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The fact that Maj.-Gen. Fitz John Porter was arraigned and tried before a Court-Martial on a charge of culpable disobedience to the orders of Gen. Pope during the desperate and ultimately disastrous struggle around Gainesville ( “second Bull Run” ), though quite notorious, is not stated in the foregoing text. Though his impressions are unfavorable to Gen. Porter's conduct in that emergency, the author has not been able to give his case such a searching examination as would justify him in pronouncing a final judgment thereon. That Gen. P. was so intense a partisan of McClellan, and so offended at the virtual transfer of his army to Pope, that he cherished feelings and used language during that campaign incompatible with thorough loyalty to his commander, is scarcely denied; but good soldiers, who were with him throughout, testified on his trial that his acts were unexceptionable. The court, however, decided otherwise. The following dispatch from Gen. Pope, written the second morning after his defeat at Gainesvilie, refers unquestionably to Porter as “one commander of a corps,” and is here given only as proving Gen. Pope's convictions as to the causes of his disaster:

Centerville, Sept. 1--8:50 A. M.
Major-General Halleck, General-in-Chief:
All was quiet yesterday, and so far this morning. My men all resting. They need it much. Forage for our horses is being brought up. Our cavalry is completely broken down, so that there are not five horses to a company that can raise a trot. The consequence is, that I am forced to keep considerable infantry along the roads in my rear to make them secure; and even then it is difficult to keep the enemy's cavalry off the roads. I shall attack again to-morrow if I can; the next day certainly.

I think it my duty to call your attention to the unsoldierly and dangerous conduct of many brigade and some division commanders of the forces sent here from the Peninsula. Every word and act and intention is discouraging, and calculated to break down the spirits of the men, and to produce disaster. One commander of a corps, who was ordered to march from Manassas Junction to join me near Groveton, although he was only live miles distant, failed to get up at all; and, worse still, fell back to Manassas without a fight, and in plain hearing, at less than three miles' distance, of a furious battle, which raged all day. It was only in consequence of peremptory orders that lie joined me next day. One of his brigades, the brigadiergeneral of which professed to be looking for his division, absolutely remained all day at Centerville, in plain view of the battle, and made no attempt to join. What renders the whole matter worse, these are both officers of the regular army, who do not hold back from ignorance or fear. Their constant talk, indulged in publicly and in promiscuous company, is, that “the Army of the Potomac will not fight,” that they are demoralized by withdrawal from the Peninsula, &c. When such example is set by officers of high rank, the influence is very bad among those in subordinate stations.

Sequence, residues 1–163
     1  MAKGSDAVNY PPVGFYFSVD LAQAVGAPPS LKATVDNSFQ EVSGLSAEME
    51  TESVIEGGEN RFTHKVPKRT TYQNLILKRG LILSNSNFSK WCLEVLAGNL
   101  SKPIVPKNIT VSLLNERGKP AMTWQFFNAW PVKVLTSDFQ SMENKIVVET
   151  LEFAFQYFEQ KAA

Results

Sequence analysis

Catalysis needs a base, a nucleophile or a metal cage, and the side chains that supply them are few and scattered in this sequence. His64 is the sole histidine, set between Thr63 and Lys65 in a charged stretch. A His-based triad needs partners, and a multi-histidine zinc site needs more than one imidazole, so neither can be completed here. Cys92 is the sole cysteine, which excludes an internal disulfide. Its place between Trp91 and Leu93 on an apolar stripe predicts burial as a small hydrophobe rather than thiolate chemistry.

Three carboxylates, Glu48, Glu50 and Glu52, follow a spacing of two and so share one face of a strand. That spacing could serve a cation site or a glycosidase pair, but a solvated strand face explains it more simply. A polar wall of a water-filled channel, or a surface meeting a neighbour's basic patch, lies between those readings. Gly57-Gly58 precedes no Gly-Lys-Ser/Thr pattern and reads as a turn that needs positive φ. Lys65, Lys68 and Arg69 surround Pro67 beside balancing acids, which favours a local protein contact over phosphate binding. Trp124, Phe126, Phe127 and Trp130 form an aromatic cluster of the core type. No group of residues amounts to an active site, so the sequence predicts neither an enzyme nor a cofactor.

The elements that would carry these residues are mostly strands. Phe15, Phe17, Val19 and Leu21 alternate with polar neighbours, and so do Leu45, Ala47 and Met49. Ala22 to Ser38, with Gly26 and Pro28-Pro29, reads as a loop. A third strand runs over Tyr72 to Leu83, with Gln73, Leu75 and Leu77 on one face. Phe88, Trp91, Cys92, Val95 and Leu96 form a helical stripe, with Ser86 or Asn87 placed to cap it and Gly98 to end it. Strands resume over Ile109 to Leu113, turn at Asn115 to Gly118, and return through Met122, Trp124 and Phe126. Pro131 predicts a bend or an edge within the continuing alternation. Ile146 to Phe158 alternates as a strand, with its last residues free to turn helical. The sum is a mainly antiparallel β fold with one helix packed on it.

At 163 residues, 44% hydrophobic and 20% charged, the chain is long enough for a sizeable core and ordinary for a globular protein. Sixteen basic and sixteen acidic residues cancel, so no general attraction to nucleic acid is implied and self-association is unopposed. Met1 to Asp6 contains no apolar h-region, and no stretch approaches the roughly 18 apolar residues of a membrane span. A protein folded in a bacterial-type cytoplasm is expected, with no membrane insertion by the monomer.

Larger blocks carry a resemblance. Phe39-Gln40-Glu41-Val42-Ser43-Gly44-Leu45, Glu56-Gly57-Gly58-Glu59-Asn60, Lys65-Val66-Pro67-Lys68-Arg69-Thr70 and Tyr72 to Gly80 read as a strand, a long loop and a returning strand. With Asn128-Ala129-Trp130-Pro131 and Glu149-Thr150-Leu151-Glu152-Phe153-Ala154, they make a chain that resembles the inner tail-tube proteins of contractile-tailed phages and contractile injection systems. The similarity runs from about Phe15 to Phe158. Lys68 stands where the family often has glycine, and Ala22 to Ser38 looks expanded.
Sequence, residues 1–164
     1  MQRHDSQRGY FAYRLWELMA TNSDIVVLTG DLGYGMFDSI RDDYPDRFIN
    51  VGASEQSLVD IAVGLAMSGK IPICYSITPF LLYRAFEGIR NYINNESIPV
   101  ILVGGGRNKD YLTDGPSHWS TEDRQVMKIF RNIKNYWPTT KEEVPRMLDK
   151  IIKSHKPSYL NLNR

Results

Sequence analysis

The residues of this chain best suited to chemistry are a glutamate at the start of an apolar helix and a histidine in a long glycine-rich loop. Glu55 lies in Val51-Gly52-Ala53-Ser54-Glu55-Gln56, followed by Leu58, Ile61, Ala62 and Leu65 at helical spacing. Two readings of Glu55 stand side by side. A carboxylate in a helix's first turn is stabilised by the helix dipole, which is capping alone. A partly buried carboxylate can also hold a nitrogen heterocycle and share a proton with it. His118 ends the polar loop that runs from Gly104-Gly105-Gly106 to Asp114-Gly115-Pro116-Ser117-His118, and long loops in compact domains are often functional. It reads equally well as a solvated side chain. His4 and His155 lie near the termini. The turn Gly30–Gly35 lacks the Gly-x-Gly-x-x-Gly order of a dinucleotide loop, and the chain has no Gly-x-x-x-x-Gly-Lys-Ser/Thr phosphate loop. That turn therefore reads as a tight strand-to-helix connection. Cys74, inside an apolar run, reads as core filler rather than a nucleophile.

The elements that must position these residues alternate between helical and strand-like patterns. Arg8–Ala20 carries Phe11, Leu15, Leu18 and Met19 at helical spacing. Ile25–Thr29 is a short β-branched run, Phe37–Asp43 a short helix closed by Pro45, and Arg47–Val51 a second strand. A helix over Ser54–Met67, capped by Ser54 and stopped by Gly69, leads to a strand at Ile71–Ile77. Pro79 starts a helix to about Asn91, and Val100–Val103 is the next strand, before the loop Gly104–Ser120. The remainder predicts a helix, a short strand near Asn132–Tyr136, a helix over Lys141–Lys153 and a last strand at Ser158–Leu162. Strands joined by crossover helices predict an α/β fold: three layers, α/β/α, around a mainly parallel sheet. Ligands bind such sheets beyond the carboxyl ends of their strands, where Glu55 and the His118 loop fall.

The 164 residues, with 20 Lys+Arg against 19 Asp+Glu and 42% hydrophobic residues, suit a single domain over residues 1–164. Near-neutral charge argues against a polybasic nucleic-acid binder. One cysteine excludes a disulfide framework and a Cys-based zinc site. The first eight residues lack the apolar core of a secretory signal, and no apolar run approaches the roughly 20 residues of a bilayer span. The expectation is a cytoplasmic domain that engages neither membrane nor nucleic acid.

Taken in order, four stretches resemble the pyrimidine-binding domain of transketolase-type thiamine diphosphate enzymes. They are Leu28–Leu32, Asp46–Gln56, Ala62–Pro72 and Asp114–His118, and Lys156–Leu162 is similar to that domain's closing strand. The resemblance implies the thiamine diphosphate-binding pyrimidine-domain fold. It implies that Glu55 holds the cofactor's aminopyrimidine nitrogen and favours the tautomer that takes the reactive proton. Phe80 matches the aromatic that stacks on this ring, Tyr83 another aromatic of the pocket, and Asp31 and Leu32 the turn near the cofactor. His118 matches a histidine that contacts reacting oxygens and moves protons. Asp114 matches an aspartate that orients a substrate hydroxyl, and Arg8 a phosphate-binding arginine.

You have hardly an idea of the demoralization among officers of high rank in the Potomac Army, arising in all instances from personal feeling in relation to changes of commander-in-chief and others. These men are mere tools or parasites; but their example is producing, and must necessarily produce, very disastrous results. You should know these things, as you alone can stop it. Its source is beyond my reach, though its effects are very perceptible and very dangerous. I am endeavoring to do all I can, and will most assuredly put them where they shall fight or run away. My advice to you (I give it with freedom, as I know you will not misunderstand it) is, that in view of any satisfactory results, you draw back this army to the intrenchments in front of Washington, and set to work in that secure place to reorganize and rearrange it. You may avoid great disaster by doing so. I do not consider the matter except in a purely military light; and it is bad enough and great enough to make some action very necessary. Where there is no heart in their leaders, and every disposition to hang back, much cannot be expected from the men.

Please hurry forward cavalry horses to me under strong escort. I need them badly; worse than I can tell you.


John Pope, Maj.-General. A true copy: T. C. H. Smith, Lt.-Colonel and A. D. C.


As many facts set forth in this work bear with just severity on the general loyalty of the Democratic party to the Government throughout its long, doubtful struggle with the Rebellion, it is proper to state here explicitly that very many Democrats promptly separated from their party and acted with the Republicans as Unionists from first to last; while others, who adhered to their party organization, nevertheless gave a hearty, efficient support to the Government in raising soldiers, subscribing to loans, and otherwise. There was, moreover, a very considerable and influential body, especially in the great cities, who had steadily opposed the Republican

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